Chicama, in the North of Peru, is probably the longest ocean wave for surfing in the world. The "lost jewel of Latin America" offers an endless two kilometer (1.25 miles) ride with close-outs, reforming, and barreling sections.
Chicama is one of the best waves for surfing because of its long, creative and challenging wave face. It's the ideal surf spot in Peru for attempting to make a Guinness World Record in surfing.
Cristobal de Col, for example, has pulled 34 maneuvers in one single wave ride for the books of history. Chicama is the wave that dreams are made of.
The pleasure of surfing endless waves can also be enjoyed in Costa Rica. The well-known spot Pavones will present you with long left-handers that can last for three minutes.
The Pavones wave is a remote peak and demands a prior study of the swell charts. If you see a Southern swell approaching, pack your bags and prepare for the longest ride of your life. Robby Naish has loved Pavones.
La Libertad, located in El Salvador, is a long wave, too. It breaks for more than 200 meters and can be surfed by all surfers, from beginners to advanced wave riders.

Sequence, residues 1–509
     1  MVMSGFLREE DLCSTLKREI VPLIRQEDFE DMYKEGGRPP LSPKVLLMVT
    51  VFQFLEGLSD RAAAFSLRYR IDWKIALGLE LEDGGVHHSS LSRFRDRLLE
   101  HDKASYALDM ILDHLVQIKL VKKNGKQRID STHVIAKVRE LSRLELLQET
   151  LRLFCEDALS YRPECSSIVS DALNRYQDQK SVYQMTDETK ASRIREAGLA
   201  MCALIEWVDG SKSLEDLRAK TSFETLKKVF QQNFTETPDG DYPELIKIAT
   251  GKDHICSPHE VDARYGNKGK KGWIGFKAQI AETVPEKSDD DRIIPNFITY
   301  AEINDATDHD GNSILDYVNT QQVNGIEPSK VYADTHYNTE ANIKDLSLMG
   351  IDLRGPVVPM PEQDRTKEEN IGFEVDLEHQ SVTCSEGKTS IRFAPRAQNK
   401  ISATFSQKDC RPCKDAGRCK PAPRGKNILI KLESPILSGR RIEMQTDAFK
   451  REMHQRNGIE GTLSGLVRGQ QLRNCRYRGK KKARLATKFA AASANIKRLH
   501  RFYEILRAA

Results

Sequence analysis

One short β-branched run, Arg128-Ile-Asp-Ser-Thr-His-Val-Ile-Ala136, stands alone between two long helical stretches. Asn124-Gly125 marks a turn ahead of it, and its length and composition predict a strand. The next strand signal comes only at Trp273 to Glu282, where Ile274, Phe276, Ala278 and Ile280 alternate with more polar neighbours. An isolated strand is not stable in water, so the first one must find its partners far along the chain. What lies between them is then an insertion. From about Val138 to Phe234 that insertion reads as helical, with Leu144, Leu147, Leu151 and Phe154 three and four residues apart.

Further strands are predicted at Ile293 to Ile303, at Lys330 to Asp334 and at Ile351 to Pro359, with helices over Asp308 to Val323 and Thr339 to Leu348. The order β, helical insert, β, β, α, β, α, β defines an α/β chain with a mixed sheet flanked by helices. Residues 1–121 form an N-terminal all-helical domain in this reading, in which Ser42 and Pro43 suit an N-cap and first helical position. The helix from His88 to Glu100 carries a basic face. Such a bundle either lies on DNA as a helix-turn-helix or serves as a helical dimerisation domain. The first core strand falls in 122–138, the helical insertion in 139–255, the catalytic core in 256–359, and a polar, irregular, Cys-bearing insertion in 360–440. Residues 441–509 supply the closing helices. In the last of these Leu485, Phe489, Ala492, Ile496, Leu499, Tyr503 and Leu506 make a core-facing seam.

In Australia, the Gold Coast offers another of the longest possible rides in the world: the famous connection from Snapper to Kirra. Like a freight train, you take-off at Snapper Rocks and surf all the way to Kirra, for a total ride length of two kilometers (1.25 miles); all thanks to the Superbank.
With good offshore winds and a consistent size, Jeffreys Bay can sometimes produce challengers to the world's longest rides. Here, you'll catch a wave at Boneyards and enjoy the powerful right-hand barrels to The Point. That's one kilometer (0.6 miles) of pure joy.
In 2004, Picuruta Salazar rode the Pororoca wave for 37 minutes, and 12.2 kilometers (7.4 miles). That's a very long ride for a surfer. Located in the middle of the Brazilian Amazon, Pororoca is a tidal bore wave.
It can only be surfed three days, between February and March. The powerful energy of the Pororoca will push you along on an endless ride among piranhas and natural debris.